Following Obama-Era Guidance, EPA Orders San Jacinto Waste Pits Removed
DIANNA WRA Y I OCTOBER 12, 2017 I 4:00AM
Scott Pruitt, head of the Environmental Protection Agency, has made good on his word.
With three days to go before the football game between Oklahoma University and University of Texas, the deadline Pruitt set when he visited the San Jacinto Waste Pits and other Houston-area sites after Hurricane Harvey rolled through town last month, the EPA has indeed made a decision on the fate of the pits.
The dioxin-packed, partially submerged pits tucked along the lip of the San Jacinto River will be removed.
“Today, we are announcing our decision to ensure the San Jacinto site is cleaned up for the benefit of the entire community,” Pruitt, the EPA administrator, said in a press release. “As exemplified today, EPA is prioritizing Superfund clean-up by making decisions in a decisive, timely manner.”
So a decision has officially been made.
It’s been a long time coming. The San Jacinto Waste Pits were packed full of toxic sludge, including dioxin, a known carcinogen, from the runoff from a paper mill in the 1960s.
The pits were full by the end of the decade and were then largely forgotten over the following years – U.S.Representative Gene Green noted that there were higher levels of dioxin in the area going back to the 1980s, although nobody knew for sure where the dioxin was coming from.
And then, after decades of being forgotten, the waste pits were “discovered” by the EPA in 2005 and the spot was turned into a Superfund site, designated for cleanup, by 2008.
In 2011 the companies on the hook for polluting the site, Champion Paper, McGinnis Industrial Maintenance and Waste Management Inc., placed a temporary $9 million cap on the pits. Before the cap was even completed, company officials were already hoping to talk the EPA into allowing them to simply make the cap permanent by reinforcing it and putting more rock on top.
Over the years, the companies continued to push for putting a pern1anent cap on the waste pits, a cheaper solution that supporters claimed would also be safer since the waste would never be exposed to the elements. At the same time, locals and environmentalists in the area, after years of claims of increased cancer rates, reports of dioxin found in area wells and fish pulled out of the river, and repeated breeches of the temporary cap on the waste pits, the most recent one occurring during Hurricane Harvey, pushed to see the waste pits removed entirely.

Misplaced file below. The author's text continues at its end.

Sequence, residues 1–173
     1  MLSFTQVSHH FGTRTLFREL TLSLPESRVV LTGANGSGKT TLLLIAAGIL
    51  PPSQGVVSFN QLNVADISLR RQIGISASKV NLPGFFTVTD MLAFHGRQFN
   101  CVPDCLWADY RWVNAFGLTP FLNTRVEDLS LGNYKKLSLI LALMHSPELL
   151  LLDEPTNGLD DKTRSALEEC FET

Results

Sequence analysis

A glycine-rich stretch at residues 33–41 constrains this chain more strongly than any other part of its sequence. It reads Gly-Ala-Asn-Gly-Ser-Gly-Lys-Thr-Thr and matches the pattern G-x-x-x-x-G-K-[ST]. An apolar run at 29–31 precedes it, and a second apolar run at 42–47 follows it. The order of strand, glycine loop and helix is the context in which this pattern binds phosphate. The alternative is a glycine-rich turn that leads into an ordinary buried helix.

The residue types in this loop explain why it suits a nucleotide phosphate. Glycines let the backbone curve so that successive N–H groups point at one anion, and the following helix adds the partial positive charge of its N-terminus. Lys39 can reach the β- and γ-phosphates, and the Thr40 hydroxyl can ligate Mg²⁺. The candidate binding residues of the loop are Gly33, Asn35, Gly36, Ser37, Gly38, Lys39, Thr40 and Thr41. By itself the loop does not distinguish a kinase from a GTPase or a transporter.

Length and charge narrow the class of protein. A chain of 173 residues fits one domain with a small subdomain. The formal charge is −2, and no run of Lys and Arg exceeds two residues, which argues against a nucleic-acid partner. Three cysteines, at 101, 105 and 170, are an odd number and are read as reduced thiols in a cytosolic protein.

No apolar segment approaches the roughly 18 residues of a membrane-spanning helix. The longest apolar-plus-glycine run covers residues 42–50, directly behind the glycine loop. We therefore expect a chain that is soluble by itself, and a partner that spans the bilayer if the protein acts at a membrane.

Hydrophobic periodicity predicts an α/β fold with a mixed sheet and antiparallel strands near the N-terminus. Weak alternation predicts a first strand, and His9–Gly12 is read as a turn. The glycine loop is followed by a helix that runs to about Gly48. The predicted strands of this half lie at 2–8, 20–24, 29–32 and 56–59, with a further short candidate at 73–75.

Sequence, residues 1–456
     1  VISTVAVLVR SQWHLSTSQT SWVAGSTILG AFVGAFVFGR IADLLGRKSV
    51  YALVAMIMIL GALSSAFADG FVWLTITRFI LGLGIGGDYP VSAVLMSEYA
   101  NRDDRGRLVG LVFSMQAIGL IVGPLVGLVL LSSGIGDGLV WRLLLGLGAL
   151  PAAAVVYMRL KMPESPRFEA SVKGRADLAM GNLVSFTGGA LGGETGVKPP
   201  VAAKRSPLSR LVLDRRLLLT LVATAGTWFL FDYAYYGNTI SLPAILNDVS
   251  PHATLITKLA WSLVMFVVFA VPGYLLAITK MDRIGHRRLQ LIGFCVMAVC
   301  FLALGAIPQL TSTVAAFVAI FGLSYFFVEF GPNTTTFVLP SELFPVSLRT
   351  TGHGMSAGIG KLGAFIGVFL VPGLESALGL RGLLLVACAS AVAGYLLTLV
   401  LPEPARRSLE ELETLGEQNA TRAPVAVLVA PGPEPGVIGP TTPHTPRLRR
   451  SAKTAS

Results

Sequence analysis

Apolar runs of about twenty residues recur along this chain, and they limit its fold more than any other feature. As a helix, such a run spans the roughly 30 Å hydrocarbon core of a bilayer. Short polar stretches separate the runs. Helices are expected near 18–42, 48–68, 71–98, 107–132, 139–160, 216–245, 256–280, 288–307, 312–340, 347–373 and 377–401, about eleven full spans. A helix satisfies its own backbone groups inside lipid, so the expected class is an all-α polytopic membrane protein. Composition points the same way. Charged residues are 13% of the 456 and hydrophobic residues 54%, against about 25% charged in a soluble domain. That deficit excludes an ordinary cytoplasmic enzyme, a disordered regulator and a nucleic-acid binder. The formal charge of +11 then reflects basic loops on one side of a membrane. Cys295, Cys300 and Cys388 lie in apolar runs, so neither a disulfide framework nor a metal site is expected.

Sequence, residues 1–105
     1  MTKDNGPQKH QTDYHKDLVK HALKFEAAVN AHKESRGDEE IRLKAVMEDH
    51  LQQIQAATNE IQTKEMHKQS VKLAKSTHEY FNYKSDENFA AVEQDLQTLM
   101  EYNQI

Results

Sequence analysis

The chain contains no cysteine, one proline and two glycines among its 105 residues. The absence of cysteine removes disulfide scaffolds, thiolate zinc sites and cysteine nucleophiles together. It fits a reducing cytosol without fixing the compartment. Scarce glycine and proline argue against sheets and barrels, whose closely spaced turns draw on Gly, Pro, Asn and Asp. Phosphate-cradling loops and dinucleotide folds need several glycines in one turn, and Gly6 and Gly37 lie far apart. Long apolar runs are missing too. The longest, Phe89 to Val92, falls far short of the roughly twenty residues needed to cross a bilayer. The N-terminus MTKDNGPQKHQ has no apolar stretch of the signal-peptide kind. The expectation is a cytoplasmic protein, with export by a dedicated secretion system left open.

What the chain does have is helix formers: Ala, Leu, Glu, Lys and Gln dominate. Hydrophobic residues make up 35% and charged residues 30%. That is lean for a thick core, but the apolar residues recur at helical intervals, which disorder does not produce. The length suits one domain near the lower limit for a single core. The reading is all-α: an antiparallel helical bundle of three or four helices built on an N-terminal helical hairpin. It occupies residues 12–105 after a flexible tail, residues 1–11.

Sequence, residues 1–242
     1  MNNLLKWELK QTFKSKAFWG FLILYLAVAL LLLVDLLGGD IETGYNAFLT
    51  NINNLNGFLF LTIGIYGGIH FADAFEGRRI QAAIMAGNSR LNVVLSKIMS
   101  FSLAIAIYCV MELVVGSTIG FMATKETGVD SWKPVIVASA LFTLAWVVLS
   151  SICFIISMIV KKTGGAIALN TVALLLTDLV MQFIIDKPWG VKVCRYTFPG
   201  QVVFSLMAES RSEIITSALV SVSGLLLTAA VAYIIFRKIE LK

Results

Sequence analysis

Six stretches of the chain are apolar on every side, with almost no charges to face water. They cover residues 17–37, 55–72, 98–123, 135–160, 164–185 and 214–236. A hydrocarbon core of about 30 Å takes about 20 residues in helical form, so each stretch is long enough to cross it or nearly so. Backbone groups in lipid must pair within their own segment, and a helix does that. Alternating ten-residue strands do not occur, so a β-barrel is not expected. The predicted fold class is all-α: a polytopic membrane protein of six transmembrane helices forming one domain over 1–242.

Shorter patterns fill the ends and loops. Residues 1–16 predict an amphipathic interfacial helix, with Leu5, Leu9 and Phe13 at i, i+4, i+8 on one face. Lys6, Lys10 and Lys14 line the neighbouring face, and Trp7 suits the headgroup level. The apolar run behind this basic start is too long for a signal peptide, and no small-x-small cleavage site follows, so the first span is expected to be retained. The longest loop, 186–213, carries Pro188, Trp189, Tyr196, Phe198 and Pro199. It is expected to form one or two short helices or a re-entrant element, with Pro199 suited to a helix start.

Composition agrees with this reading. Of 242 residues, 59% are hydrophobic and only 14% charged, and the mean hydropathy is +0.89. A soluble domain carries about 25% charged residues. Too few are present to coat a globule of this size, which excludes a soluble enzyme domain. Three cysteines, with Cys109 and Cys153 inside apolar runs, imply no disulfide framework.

The EPA had already 1nade clear in a decision last fall that agency officials favored removing the waste over capping or dredging the pits, but it was unclear whether Pruitt, the new head of the agency for the Trump administration, would see things the same way his predecessors did. In fact, based on the general approach to environmental regulations and to-the-bone budget cuts being proposed under the new administration, it seemed highly possible the EPA would reverse itself on this.
But the people supporting removal have won out.
We may never know the extent of damage fron1 Hurricane Harvey or numerous other storms, but at least the EPA is putting their best foot forward and moving in the only direction that upholds their mission. All 7 similar sites across the country have been removed- this can be done safely and we will remain engaged as a watchdog and advocate for our communities as this process moves forward.” Jackie Young, the founder of the San Jacinto River Coalition who has worked since 2011 to see the waste pits removed, stated.
The EPA’s final cleanup plan, called a record of decision, includes installing engineering controls such as cofferdams before excavating almost 212,000 cubic yards of dioxin contaminated material for disposal, which should allow construction crews to keep the area dry while excavating the waste material, according to the EPA’s release. A small amount of material will stay on the site where controls will prevent access, eliminate off site migration and monitor the natural recovery into the future.
Changes in the construction method will effectively eliminate any potential for spreading contamination to downstream areas, the release states, bumping the cost of removal from about $97 million to about $115 million, a price EPA officials consider to still be “cost-effective” and “representing a reasonable value for the cost incurred.”
“I thank the EPA for making the right decision to remove the toxic waste pits out of the San Jacinto River,” Congressman Green, who has been asking EPA officials to remove the sludge from the waste pits since 2007, noted in a release issued shortly after the decision was announced late Wednesday afternoon. “Our communities in eastern Harris County have been fighting for over a decade to have the dioxin and other cancer causing toxic waste fully removed and disposed of safely. We will be monitoring the remediation process closely and call on the EPA to move as quickly as feasibly possible before additional dioxin is exposed into the environment.”
However, not everyone is thrilled with the EPA’s decision. McMinnis Industrial Maintenance sent out a release that made the company’s take on the plan to remove the waste clear. “We cannot support a plan for the site that provides less protection to all affected communities than the existing cap already has provided. We are deeply concerned that the decision announced today could result in a release to the San Jacinto River and downstream areas. We disagree with EPA’s claim that the local or downstream areas can be protected during removal. We will review U.S. EPA’s Record of Decision in its entirety.”
It’s understandable though. After all, they’re one of the companies that has to foot the bill and pay for the final remediation the EPA has chosen. It would be a little much to expect them to be enthusiastic about it.